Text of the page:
Last, but not least, don't beat yourself up if you think your solos suck. It's always healthy to acknowledge your shortcomings, because it allows you room to improve, but if you think your solos suck, ask yourself "why?" It's better to look at your solo and say "Okay, this tapping thing I tried doing here sounded pretty sh*t. I should try something else" than to just think to yourself that you suck, period.

About the issue of you playing alone, if you really can't find fellow muso's to jam with, you might wanna buy yourself an audio interface and record your own backtracks. That's what I do, and trust me, it's really fun doing it. It will help your improvising a LOT, plus you can write solos to your own songs, instead of jamming along to the many generic backtracks out there. Just saying, maybe the recording forum can give you some pointers if you're interested. I hope this helps you!


Thanks man! I appreciate this!

Yea, I want to record some of my own stuff. I got some cool riffs I'd like to record and such.
#35
Quote by GuitarMunky
I suggest that you forget the backing tracks, and instead play along with real bands. Learn the solos note for note, phrase for phrase. Capture the feel. Enjoy the experience… soak up the inspiration.

IME experience backing tracks mostly benefits the person that sold it to you. They are a product… a way for unknown musicians to make some money. They do sound cool sometimes, but they are generally a person sequencing and looping, which is not the same as a band playing together and interacting. That interaction is what you feed off of as a soloist. Likewise the band interacts with the soloist. You just don't get that with backing tracks, so you're forced to think and judge your way through it….. "ok now I'm gonna do this arpeggio lick I learned about"…… "now Im gonna string skip"…. "that really sucked, I guess Im no good". It's not natural to play that way, and IMO it's very unsatisfying.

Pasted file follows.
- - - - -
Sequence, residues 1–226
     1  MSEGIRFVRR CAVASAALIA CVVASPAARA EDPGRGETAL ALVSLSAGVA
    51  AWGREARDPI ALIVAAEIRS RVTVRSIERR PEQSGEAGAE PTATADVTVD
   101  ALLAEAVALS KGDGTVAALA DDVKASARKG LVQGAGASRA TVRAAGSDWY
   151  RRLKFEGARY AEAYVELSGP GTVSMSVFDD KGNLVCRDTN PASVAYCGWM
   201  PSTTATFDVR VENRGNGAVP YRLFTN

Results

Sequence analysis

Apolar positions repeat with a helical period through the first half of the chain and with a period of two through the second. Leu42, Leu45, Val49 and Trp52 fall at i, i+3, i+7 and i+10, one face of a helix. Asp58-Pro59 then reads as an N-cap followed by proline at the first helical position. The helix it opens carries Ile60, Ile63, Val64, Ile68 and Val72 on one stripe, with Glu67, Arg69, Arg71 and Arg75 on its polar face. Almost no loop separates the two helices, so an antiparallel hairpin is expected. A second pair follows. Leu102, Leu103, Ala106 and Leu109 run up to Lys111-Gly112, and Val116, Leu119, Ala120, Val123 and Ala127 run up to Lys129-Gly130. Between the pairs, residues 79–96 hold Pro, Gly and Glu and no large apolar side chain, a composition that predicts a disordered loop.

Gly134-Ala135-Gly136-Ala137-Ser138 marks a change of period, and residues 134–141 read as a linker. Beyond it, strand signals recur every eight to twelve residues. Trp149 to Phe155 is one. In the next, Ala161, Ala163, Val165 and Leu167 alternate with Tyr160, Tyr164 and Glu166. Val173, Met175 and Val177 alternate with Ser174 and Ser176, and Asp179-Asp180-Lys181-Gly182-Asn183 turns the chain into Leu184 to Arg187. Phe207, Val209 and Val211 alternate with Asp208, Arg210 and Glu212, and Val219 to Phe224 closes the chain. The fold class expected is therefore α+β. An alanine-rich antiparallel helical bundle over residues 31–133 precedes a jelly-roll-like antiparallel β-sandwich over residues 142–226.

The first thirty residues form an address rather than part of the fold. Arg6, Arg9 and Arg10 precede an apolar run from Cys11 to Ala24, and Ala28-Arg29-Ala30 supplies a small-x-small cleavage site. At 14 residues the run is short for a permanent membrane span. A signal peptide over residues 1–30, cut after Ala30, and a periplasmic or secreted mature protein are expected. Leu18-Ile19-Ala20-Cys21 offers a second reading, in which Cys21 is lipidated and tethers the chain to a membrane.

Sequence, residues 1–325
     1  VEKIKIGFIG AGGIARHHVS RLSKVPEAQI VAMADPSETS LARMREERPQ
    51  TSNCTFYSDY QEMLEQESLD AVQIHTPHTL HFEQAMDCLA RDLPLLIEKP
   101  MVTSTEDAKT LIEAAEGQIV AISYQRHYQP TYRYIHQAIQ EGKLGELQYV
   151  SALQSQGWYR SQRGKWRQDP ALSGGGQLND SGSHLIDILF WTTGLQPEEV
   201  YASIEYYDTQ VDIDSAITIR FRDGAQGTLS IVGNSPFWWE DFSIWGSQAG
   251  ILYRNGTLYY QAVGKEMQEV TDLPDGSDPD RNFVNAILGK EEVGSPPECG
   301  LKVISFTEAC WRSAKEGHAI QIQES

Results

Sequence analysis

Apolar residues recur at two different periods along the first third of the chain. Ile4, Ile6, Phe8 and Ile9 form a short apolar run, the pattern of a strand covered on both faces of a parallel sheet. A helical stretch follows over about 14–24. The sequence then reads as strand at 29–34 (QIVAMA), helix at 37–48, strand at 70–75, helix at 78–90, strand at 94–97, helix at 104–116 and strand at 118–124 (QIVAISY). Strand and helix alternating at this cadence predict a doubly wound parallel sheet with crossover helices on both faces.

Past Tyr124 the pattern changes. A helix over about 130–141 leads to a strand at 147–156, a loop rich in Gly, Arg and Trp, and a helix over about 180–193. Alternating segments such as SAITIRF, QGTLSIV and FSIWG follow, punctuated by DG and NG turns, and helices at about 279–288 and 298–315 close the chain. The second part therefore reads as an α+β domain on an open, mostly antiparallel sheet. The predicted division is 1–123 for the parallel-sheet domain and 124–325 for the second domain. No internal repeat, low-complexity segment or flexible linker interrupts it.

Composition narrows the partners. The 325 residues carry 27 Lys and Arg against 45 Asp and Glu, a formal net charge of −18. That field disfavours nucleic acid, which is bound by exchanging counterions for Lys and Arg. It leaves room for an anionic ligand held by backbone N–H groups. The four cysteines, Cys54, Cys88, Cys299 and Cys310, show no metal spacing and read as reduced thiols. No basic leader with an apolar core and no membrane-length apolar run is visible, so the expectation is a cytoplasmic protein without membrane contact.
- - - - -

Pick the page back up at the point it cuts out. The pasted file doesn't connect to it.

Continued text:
I would just get my backing tracks off YouTube. I don't think I'd go as far as paying for one, anyways. Thanks for the advice though!
#36
Quote by Sabicas
I was where you are. I got the Guitar Scales Method software and put in a lot of time. After a couple of months, I was only maybe 1/3 through the course, but I just took off. I understood enough to start improvising. Seriously, that is the best software for guitarists wanting to get into improvising and understanding the theory behind scales, arpeggios, chord construction and progressions. It's play along and has an excellent grading system. You'll develop your ear and your timing and learn your fretboard as by-products.

I'm not claiming that I was great at improvisation after using the software. It just gave me the confidence and know-how to start experimenting and stop shaming myself.


Thanks man,

I'll definitely check it out!
#37
it's just the blues scale variation 4. Don't be silly....

The bottom scale is probably one of the auxiliery scale...I Cant remember exactly.
Who cares...I don't get bored and I don't know all the scales

The dominant pentatonic scale might harmonize over the V chord better, if you extend the chord. It has a maj3rd and a flat 7
If you wish play the -7 instead of a natural 6 in the major pentatonic.

The last I checked the V chord is a major chord.....That's why it's hit and miss for newbies
when they just play the minor pentatonic over that chord.
The pentatonic scale is not the blues scale.
It's one of those general misconception.

http://www.all-guitar-chords.com/guitar_scales.php?scchnam=Hungarian+Minor&get2=Get&t=0&choice=1
#38
^^^ We haven't talked about any chord progressions in this thread so I'm not sure what you are talking about.
And no, Guitar Hero will not help. Even on expert. Really.
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#39
well if you're going to wing it over a chord and sound good. It's a good idea
to know what the arpeggios of the chord your playing over ..no?

If you actually click on the link instead of just shooting from the hips.
You'll know it has a list of grips of scale aside from the diatonic.
Someone from this site linked that in for me years ago......
I was done with doing things the old fashion way of explaining music.
Last edited by smc818 at Jan 26, 2014,
#40
Quote by smc818
I was done with doing things the old fashion way of explaining music.


Well that's definitely clear.
And no, Guitar Hero will not help. Even on expert. Really.